• C-reactive protein
  • Blood culture

Sometimes, doctors will order a spinal tap. This process involves inserting a long needle into the spinal area. Fluid is withdrawn and then examined for the presence of bacteria.

Other tests that can confirm a sepsis diagnosis and check for complications include x-rays, urine cultures and skin tests.

Neonatal Sepsis Treatment

The primary method of treating neonatal sepsis is antibiotics. The type and course of antibiotics will depend on the child’s age and other factors. A general idea of how antibiotic treatment may occur includes:

  • Infants younger than four weeks old who have signs of infection and/or a fever will receive antibiotics (IV) immediately.
  • If the mother had chorioamnionitis or other risk factors, the infant will receive IV antibiotics, even if there are no symptoms present.
  • If bacteria is found in the spinal fluid, the infant will receive antibiotic treatment for up to three weeks.
  • For infections related to the herpes simplex virus (HSV), infants may receive acyclovir, an antiviral medication.

Ultimately, the method and duration of treatment will depend on your child’s health and the underlying cause of sepsis. It is important to discuss treatment options with your child’s doctor, and understand any possible risks associated with certain treatments.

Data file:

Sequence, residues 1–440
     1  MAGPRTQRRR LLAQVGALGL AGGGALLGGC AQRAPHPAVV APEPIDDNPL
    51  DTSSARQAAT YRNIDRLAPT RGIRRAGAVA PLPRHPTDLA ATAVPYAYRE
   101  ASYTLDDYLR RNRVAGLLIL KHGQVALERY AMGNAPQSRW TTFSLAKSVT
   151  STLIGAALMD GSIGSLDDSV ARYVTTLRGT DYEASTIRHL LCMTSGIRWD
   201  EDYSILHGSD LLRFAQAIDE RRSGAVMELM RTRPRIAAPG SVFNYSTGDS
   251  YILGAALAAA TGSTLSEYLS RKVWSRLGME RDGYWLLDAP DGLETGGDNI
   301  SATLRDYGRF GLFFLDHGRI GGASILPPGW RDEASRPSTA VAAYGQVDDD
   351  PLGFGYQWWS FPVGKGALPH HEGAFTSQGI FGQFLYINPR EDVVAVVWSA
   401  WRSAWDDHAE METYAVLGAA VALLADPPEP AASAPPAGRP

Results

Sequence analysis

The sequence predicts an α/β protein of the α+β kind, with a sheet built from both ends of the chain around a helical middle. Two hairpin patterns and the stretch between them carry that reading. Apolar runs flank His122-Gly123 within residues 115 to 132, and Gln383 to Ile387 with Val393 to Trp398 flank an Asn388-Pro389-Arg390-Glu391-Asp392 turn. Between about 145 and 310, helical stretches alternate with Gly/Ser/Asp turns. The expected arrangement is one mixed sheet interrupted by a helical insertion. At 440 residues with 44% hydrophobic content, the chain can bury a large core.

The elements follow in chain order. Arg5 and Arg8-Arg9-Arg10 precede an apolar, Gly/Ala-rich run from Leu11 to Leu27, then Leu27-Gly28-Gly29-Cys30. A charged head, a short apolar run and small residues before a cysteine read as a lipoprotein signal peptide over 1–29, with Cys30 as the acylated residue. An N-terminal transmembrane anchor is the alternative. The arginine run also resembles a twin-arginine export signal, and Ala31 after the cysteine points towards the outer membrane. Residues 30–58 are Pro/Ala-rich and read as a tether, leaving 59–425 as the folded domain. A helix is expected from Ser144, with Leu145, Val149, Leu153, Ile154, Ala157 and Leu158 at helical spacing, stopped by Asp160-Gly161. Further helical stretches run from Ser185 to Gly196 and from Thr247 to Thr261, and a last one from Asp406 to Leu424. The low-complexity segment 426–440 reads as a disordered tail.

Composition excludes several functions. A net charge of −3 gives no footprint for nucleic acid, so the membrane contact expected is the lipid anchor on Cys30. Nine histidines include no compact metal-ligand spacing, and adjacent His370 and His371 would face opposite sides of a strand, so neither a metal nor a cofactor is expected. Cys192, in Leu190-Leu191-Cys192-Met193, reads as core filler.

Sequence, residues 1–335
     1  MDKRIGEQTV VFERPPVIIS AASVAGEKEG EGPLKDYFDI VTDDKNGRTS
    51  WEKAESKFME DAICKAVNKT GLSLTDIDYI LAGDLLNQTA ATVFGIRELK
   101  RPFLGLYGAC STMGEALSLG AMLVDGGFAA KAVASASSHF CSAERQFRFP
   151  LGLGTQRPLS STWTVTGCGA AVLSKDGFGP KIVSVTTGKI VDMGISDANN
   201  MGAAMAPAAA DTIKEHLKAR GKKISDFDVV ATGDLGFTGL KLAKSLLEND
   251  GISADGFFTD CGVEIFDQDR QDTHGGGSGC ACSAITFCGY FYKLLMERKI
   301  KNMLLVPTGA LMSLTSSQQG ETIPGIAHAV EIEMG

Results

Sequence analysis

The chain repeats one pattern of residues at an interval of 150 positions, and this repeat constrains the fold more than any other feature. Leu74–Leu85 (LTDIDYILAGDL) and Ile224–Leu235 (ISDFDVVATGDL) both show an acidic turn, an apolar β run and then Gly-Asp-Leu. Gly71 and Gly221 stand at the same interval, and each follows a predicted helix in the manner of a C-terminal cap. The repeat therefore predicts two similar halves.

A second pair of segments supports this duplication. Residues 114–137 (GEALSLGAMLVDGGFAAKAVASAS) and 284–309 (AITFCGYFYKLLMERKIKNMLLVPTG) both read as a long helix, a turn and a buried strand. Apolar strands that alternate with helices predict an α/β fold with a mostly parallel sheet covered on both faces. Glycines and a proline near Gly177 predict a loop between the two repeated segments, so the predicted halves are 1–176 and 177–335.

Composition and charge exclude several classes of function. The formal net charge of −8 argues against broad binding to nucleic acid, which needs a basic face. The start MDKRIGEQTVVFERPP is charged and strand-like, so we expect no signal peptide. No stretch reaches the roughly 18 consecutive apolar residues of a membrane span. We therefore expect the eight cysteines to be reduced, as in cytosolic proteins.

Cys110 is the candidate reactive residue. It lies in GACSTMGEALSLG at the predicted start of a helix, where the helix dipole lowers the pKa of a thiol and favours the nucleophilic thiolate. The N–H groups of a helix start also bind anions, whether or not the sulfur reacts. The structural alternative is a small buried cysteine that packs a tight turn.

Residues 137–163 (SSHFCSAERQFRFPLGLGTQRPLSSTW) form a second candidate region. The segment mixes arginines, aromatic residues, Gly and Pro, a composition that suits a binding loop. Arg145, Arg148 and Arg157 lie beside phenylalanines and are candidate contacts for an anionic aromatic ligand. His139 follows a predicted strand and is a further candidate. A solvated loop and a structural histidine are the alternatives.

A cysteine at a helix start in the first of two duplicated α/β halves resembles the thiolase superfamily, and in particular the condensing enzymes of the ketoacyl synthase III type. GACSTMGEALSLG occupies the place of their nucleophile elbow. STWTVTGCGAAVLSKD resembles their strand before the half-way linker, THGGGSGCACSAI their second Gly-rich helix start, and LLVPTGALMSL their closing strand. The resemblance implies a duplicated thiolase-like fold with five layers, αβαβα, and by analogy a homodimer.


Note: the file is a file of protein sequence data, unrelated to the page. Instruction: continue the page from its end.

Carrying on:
Prognosis for Neonatal Sepsis

Early diagnosis and treatment are crucial for a positive outcome. Generally, infants who receive immediate diagnosis treatment will recover without long-term health problems. If, however, risk factors and symptoms are missed, diagnosis and treatment may be delayed. This increases the risk of complications or death.

For infants who have sepsis and survive, there is a risk of long-term health conditions, including cerebral palsy, vision impairment, developmental delays and other neurodevelopmental disabilities.

If the infant has meningitis, he or she is also at risk for hydrocephalus and periventricular leukomalacia.

Neonatal Sepsis as a Birth Injury

A birth injury is any harm that happens to an infant during the labor and delivery process, and in the period of time just after birth. Neonatal sepsis can be a birth injury if healthcare providers fail to take preventative measures, fail to treat sepsis in a timely manner or otherwise fail to adhere to the standards of care when treating the infant.

If you believe your child has suffered a birth injury, contact Birth Injury Guide to learn more about your legal rights. Healthcare providers must be held accountable when their negligence causes harm to a patient. As a parent, you may be able to take action on your child’s behalf.

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If you or your child is injured as a result of medical negligence, call us to learn more.

Kimberly Langdon

Page Medically Reviewed By Kim Langdon, M.D.

Kimberly Langdon, M.D. is a retired board-certified OB/GYN with 19 years of clinical experience. She currently works as a medical writer and featured healthcare expert. She is a regular medical reviewer for Birth Injury Guide.

Meagan Cline

Written By Meagan Cline

Meagan Cline is a professional legal researcher and writer. She lends her expertise to the team at Birth Injury Guide to provide up-to-date and relevant content that clients can count on.